“We all want to keep playing forever,” but ending gracefully is part of being a professional athlete.

He talks about the game and the team he loves, and that “today, I’m saying goodbye to both.”

“Saying goodbye may be the hardest part of the job.”

When he thanks his mom and his daughters, who have “been through so much with me,” he cannot stop the tears.

In his speech thanking so many people, including the Yankees and the Steinbrenner family (imagine that happening in 2014), he never says he’s retiring.

 

During the question and answer portion, a few things stuck out to me –

Rodriguez is clear this was “Hal’s idea” and “the Yankees’ decision,” but said he would keep his conversations with Hal Steinbrenner private, even though the very next day Steinbrenner discussed the discussions in detail on The Michael Kay Show.

When asked why Friday, August 12 would be his last game, he cited “logistics” as the reason. It is incredibly moving to hear him say he wanted to play one last game at home in front of his mom, but what an awkward time. That particular game opens a home stand and is the first game of a series against the Tampa Bay Rays – but that Saturday is the 1996 World Series reunion and Sunday is the Mariano Rivera plaque dedication.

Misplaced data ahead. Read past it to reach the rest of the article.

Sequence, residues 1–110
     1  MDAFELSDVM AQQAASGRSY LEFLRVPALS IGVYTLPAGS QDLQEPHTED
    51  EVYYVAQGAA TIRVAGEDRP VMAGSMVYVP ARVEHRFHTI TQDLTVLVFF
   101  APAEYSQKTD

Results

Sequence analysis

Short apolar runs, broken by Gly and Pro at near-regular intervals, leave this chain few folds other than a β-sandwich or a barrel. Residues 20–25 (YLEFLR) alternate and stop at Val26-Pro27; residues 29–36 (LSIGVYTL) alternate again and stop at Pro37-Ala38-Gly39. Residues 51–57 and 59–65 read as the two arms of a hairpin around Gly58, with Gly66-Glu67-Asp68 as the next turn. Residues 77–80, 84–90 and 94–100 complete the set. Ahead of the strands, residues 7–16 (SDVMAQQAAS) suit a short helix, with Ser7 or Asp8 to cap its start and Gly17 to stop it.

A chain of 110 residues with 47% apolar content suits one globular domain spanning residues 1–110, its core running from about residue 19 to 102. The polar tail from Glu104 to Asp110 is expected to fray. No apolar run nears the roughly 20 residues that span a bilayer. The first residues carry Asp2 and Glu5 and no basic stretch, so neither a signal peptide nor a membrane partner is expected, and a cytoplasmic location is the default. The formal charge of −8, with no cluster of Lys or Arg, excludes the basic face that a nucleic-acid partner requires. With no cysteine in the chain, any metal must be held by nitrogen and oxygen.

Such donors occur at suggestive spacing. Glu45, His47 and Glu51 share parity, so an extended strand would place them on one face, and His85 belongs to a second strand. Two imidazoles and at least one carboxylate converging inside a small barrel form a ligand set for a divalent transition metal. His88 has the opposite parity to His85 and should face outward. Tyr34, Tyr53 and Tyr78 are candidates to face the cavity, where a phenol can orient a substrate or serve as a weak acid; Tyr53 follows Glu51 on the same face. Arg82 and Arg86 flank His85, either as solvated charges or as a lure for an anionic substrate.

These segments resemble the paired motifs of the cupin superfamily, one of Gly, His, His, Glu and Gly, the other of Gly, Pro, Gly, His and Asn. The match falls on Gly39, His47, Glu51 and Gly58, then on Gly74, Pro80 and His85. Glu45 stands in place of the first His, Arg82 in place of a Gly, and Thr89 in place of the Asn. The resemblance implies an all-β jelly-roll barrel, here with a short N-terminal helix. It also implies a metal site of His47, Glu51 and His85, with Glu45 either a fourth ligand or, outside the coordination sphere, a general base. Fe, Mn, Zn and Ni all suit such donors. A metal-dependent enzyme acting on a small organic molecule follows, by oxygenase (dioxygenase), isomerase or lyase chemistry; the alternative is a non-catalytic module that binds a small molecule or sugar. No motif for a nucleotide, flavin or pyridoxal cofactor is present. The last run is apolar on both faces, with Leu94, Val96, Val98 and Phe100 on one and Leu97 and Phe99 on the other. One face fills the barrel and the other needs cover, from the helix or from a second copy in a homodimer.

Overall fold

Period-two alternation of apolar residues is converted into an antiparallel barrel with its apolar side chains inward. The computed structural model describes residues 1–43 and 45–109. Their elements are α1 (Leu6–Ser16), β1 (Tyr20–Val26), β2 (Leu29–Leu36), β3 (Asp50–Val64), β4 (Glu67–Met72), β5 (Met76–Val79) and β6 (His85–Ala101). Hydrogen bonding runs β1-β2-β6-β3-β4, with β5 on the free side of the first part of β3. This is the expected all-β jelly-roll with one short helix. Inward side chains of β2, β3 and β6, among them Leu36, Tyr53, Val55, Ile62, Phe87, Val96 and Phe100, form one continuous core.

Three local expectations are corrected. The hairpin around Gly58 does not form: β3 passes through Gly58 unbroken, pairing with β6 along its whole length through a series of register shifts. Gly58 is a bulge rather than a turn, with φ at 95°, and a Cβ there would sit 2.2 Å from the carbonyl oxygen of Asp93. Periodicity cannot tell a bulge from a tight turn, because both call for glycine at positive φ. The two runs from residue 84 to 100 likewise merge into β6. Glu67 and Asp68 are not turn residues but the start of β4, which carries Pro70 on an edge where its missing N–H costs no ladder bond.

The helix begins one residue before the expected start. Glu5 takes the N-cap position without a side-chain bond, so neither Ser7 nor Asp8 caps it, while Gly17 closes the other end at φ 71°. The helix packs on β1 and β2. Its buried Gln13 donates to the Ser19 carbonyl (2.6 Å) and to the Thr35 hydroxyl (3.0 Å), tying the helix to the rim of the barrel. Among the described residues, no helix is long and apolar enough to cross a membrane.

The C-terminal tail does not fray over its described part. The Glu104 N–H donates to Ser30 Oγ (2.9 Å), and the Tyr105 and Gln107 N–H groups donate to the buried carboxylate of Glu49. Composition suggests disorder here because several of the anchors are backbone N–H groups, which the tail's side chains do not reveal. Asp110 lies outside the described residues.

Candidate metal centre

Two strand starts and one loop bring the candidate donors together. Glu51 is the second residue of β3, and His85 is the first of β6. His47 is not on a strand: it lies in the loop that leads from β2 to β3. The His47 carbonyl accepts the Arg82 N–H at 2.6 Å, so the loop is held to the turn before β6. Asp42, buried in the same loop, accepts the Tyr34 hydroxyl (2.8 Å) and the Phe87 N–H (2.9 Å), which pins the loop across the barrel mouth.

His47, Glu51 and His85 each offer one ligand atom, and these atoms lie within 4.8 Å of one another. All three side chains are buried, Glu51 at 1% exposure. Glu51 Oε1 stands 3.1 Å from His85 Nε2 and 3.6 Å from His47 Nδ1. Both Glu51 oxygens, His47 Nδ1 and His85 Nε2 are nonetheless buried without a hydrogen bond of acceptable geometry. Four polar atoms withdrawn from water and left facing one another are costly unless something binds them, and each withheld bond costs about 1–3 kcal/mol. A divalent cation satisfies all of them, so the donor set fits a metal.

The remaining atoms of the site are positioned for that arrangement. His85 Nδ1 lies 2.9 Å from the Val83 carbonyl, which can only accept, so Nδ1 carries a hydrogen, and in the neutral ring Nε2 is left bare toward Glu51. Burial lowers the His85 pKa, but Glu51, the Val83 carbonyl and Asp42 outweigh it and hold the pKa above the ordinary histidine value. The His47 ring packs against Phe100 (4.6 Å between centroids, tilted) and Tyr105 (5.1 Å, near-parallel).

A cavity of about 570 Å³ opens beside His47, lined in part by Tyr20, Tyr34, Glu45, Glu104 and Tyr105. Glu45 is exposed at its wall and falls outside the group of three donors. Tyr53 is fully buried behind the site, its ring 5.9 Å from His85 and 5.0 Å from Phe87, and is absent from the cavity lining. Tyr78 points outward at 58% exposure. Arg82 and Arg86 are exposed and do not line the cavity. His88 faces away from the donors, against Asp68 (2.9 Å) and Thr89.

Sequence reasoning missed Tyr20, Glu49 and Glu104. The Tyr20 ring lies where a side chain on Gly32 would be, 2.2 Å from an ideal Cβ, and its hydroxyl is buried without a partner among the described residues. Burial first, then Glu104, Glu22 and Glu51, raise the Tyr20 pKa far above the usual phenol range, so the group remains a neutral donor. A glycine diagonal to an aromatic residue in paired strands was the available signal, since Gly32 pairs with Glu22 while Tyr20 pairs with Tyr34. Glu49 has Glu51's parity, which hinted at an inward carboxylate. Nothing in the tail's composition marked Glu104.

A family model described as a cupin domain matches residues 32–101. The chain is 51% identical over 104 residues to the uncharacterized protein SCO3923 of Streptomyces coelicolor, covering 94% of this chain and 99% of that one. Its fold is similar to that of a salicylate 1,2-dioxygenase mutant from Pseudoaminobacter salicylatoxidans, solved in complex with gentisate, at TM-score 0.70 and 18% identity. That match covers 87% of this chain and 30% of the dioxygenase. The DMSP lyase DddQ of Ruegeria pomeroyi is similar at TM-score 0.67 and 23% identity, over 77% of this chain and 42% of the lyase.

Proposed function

Forgive me for being cynical, but it is only good business sense to add a promo to Friday’s game too and really try to sell tickets for a weekend series. Of course, that series is against a last place team – one who recently SWEPT the Yankees, which is probably what forced the Yankees to finally sell at the trade deadline. (But I’ll come back to that in a bit.)

Rodriguez is also asked how it felt to not be in the lineup day after day. He says it’s “not fun,” and calls it “painful,” “embarrassing,” and “awkward.” Anyone can clearly see the desire to play and contribute to the team is still there, even if the opportunities to do so aren’t.

The hardest question for Rodriguez, by far, is when he’s asked how he should be remembered – but in my opinion, it’s also the best answer he gives, and maybe the most genuine. He pauses, stares ahead, and says it’s not for him to say, but says he hopes to be remembered as someone who was “madly in love with the game of baseball” and someone who “tripped and fell a lot, but kept getting back up.” Later in the press conference, he refers to himself as a “guy like me who’s been to hell and back, and made all the mistakes in the book.”